In 1932 Dimitrije Mitrinović decided that the moment had arrived to “build a New Britain”, and launched the New Britain Movement. The Movement was centred around support for Guild Socialism, monetary reform, and a political system combining principles of devolution and world federation. It adopted the idea of the Threefold State, developed by Rudolf Steiner, in which parliament would be divided into separate houses for culture, economics and politics. A successful publicity campaign kicked off the Movement, which evidently struck a chord with a swathe of the British public. Over 60 local branches were established across the country, and the Movement’s weekly magazine was at times selling up to 32 000 copies. Contributors included Bertrand Russell, Harold Macmillan, Frederick Soddy, Prof. J. Macmurray, Patrick Geddes and S.G. Hobson.

NAF 1-8-1-211 Letter from Bill Duff, p.1, excerpt

Some in Mitrinović’s network realised that to achieve its aims, the New Britain Movement would need a sound financial footing. Bill Duff was one such friend, although his money making schemes may strike some as walking an interesting line between the inspired and the ridiculous. Duff wrote to Mitrinović with a list of suggestions ranging from the prosaic, such as charging subscription fees and for admission to lectures, to the creation of a New Britain Theatrical Review! Duff also suggested creating New Britain ties – leading to possibly my favourite comment in the Collection, “…even Communists love uniforms at heart”!

NAF 1-8-1-211 Letter from Bill Duff, Excerpt re Uniforms

In the end it seems that the Movement was financed by sales of their magazines, The New Britain Quarterly and New Britain Weekly, perhaps subscriptions and membership fees, and donations from sympathetic friends and acquaintances. The situation was always rather precarious. Mitrinović’s biographer Andrew Rigby paints a vivid picture of D.R. Davies and others dashing across the country to solicit donations to keep the presses running and get the magazine produced.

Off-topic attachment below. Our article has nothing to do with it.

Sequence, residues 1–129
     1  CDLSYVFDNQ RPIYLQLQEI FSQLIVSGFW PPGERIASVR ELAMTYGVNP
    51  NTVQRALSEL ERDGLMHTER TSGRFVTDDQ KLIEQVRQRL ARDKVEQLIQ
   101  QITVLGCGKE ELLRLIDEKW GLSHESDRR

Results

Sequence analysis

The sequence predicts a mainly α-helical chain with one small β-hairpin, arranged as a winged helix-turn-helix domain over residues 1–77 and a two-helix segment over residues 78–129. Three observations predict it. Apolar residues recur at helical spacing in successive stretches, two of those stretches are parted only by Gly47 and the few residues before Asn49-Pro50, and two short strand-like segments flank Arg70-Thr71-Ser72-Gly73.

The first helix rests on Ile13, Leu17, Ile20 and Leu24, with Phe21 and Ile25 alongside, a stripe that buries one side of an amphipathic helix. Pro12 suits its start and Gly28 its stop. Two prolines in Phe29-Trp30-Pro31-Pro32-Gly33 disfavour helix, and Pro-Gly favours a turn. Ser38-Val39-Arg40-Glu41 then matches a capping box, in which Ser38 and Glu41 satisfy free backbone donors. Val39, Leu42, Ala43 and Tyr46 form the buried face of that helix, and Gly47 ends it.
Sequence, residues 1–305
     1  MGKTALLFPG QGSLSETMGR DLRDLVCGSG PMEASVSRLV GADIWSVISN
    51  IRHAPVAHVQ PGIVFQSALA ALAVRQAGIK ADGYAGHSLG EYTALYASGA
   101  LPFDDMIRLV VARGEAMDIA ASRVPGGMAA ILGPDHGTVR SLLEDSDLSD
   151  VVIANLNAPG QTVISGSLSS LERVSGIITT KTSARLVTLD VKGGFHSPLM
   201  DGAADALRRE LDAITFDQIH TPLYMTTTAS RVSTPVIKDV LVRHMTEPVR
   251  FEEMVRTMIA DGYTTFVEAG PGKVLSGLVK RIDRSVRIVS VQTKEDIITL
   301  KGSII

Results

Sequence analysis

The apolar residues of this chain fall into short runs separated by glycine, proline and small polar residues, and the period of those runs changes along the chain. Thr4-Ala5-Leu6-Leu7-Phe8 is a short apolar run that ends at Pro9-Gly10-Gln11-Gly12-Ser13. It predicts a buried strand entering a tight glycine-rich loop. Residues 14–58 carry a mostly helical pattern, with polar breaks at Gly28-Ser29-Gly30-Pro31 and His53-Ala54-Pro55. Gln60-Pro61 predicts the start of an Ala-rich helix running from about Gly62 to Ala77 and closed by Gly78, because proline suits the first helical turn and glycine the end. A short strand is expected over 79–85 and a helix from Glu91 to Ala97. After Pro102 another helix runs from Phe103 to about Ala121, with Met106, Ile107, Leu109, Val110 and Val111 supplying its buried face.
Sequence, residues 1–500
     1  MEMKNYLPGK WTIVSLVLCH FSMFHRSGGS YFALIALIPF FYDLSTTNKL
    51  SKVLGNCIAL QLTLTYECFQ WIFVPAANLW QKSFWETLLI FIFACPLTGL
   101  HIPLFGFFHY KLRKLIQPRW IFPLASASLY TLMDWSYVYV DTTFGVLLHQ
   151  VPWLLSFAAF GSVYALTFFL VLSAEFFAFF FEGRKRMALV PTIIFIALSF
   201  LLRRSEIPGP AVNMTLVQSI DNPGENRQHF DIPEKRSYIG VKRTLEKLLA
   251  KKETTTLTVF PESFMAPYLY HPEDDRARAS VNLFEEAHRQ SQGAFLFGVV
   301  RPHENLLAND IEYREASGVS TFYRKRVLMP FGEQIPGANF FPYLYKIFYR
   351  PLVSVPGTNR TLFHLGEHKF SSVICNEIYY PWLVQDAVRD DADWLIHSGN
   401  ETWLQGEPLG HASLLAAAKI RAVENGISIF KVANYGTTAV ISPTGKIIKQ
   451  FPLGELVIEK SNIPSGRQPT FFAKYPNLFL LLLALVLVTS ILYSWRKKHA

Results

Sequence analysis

The New Britain Movement collapsed amidst intense disagreement over its direction, and power struggles, in 1934. A remarkable letter from A.R. Hearn records his response to the financial difficulties he suffered when New Britain finally collapsed.  A loan he had given the organisation was left unpaid, causing an “avalanche” in his words that left him in debt. Despite what he termed his “gamble” spectacularly failing to pay off, Hearn remained committed to the cause.

NAF 1-10-18-24 Letter from Hearn, p.1, excerpt 'disaster'The New Britain Movement may not have lasted long, but those responsible for its brief existence certainly organised a flurry of activities in that time. The Archive has records relating to lectures, conferences, luncheons, and other events. There are manifestos, constitutions and statements of belief. New Britain produced various journals: New Albion, New Atlantic, The Eleventh Hour Bulletin, New Britain Quarterly  and New Britain Weekly magazines were published between 1933 – 1935. All of this is a testament to the determination, generosity and belief in the cause show by Mitrinović and those he inspired.

NAF 1-10-18-24 Letter from Hearn, p.2, excerpt New Britain's future

P.S. If anyone does ever find a New Britain tie (if they ever were produced), we’d love to know! After all, everyone loves a uniform…